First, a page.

Term Paper: Terrorism in the Book Dying

Pages: 3 (945 words)  ·  Bibliography Sources: 3  ·  Level: College Senior  ·  Topic: Terrorism  ·  Buy This Paper

SAMPLE EXCERPT:

[. . .] Ultimately, it would be helpful to prevent terrorism before it erupts by listening and responding to politically disenfranchised groups before the conflict becomes too long and drawn out.

Some types of terrorism occur not by nebulous non-state actors such as Al Qaeda but by officially recognized state powers. When governments commit acts of terror, the word terrorism is sometimes not even used because legitimacy is inferred. However, in the case with Syria, the government can easily be referred to as a terrorist organization even if it operates officially. Because terrorism is always political, it does not matter whether or not the state or a non-state organization perpetrates the terrorist acts. The responses to terrorism will always be similarly structured, targeting the root causes and preventing violent outbreaks in the future.

A comprehensive anti-terrorist strategy must also address the concern that terrorism may spread, via the contagion of a political ideology. Al Qaeda is a perfect example of how the ideology of Muslim liberation from Western state actors appeals to a wide geographic and cultural base from the Middle East to Southeast Asia (Pape, 2006). Responses to political terrorism need to be tailored to the situation. Thus, some types of terrorism may be met with an evaluation of the living conditions and political grievances of the people (as with Palestinians or Tamils, for example) with according diplomatic and strategic political responses that may never need to resort to military action. Other types of terrorism have an irrational foundation, such as that promoted by Al Qaeda and the Taliban. In those cases, military tactics are unfortunately necessary in the ongoing vigilance against global violence. Impediments to a military course of action range from human rights concerns, concerns over global hegemony via the large democratic states terrorists act against, and rising death tolls (Pape, 2006). Likewise, there are impediments to using diplomacy, including the relatively weak leadership of many terrorist organizations and the cacophony of voices on the international arena, leading to differential counterterrorism objectives.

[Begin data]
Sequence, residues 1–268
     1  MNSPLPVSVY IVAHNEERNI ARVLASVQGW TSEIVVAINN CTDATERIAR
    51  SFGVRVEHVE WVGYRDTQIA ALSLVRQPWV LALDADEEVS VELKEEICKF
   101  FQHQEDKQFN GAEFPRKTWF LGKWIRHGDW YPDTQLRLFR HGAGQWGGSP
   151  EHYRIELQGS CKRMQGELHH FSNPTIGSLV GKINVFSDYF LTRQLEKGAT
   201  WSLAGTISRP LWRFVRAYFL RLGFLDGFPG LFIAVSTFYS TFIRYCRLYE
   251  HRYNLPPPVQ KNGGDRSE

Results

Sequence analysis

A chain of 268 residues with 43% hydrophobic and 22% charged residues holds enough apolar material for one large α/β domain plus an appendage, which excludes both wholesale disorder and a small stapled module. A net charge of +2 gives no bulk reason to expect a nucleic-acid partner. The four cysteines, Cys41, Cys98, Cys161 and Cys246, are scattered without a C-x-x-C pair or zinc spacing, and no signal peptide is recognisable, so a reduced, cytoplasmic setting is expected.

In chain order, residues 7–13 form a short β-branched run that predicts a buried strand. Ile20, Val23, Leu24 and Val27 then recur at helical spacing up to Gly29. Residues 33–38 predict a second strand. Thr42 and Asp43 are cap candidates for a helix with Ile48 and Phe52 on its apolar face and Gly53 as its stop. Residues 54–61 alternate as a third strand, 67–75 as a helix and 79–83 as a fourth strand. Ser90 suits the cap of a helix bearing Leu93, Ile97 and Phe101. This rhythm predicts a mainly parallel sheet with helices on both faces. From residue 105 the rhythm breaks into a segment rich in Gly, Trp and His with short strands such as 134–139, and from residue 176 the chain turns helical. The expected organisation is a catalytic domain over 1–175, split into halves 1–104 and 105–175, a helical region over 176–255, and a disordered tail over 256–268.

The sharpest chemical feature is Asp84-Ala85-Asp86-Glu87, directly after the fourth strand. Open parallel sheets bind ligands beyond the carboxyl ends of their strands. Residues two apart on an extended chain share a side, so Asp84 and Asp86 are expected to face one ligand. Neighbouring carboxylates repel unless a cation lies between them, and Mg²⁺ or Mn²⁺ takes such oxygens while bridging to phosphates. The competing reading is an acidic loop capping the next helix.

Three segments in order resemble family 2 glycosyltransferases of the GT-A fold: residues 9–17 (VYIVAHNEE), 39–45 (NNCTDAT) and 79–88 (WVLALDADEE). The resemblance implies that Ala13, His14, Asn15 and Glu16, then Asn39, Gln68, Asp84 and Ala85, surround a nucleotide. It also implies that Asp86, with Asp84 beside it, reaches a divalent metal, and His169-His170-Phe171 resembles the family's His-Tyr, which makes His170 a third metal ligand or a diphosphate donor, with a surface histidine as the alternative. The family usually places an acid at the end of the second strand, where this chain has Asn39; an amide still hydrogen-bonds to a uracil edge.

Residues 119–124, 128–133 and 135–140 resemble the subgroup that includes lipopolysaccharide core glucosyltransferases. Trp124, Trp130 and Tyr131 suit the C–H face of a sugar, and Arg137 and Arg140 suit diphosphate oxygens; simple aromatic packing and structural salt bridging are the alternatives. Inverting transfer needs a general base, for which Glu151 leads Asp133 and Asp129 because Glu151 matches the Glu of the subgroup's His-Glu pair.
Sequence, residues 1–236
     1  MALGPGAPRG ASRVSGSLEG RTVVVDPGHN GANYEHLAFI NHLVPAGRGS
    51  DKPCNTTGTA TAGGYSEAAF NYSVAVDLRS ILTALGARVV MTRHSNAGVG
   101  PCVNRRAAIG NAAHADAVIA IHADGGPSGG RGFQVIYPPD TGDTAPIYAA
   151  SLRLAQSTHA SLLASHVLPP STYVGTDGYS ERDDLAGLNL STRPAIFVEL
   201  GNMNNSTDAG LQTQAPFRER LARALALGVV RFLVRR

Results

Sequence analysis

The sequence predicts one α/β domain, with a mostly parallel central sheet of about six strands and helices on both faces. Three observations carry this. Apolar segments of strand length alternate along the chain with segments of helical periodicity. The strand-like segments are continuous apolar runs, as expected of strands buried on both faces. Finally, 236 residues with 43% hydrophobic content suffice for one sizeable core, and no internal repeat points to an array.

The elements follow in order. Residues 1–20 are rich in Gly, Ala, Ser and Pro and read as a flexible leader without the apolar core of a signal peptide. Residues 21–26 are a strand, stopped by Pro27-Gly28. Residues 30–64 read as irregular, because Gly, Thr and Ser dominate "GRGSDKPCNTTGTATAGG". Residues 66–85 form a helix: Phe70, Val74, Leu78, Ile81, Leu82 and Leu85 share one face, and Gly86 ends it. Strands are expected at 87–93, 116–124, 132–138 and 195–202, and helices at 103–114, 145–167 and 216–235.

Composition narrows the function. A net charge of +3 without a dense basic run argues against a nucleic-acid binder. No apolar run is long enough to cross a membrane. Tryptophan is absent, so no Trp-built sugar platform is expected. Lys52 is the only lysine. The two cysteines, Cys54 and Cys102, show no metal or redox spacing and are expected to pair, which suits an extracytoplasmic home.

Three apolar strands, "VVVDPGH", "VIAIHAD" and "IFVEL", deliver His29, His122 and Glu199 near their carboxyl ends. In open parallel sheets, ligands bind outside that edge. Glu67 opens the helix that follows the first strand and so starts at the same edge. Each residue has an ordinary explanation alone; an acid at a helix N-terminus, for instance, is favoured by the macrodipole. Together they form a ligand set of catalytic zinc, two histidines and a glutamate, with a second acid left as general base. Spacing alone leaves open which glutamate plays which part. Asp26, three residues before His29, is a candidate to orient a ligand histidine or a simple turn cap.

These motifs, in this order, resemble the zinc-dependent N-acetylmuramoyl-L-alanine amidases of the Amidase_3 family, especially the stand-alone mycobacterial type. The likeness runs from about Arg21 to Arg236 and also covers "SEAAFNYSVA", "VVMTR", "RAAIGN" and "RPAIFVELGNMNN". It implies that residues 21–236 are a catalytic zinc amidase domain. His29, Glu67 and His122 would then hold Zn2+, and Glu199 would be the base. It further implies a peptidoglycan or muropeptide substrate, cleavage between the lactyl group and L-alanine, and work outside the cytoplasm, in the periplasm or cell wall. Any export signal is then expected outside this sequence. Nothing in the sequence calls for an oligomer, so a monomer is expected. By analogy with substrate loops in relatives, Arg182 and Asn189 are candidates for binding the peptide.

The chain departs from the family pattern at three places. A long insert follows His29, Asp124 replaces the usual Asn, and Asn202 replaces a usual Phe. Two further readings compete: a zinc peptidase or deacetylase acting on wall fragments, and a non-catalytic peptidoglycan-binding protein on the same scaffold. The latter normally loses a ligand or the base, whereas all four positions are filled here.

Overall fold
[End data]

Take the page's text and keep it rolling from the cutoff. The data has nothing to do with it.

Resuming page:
Because each terrorist group has a different agenda, and comes from a unique cultural milieu, there will be a correspondingly large range of causes as well as manifestations of terrorism. Nationalism might be at the root of suicide terrorism, as Pape (2006) suggests, but other factors such as the desire to wrest control and power away from a perceived hegemon, seems to be the most unifying and blanket explanation for the use of terrorism. Political motivators for terrorism are likely to remain the primary causes for the use of violence, trumping other issues like culture and religion. Culture and religion might be tacitly linked to terrorist ideologies but politics will remain the primary cause -- and solution.

References

Crenshaw, M. (1981). The causes of terrorism. Comparitive Politics 13(4): 379-399.

Pape, R. (2006). Dying to Win. New York:… [END OF PREVIEW]

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"Terrorism in the Book Dying."  Essaytown.com.  February 24, 2014.  Accessed October 18, 2019.
https://www.essaytown.com/subjects/paper/terrorism-book-dying/7558396.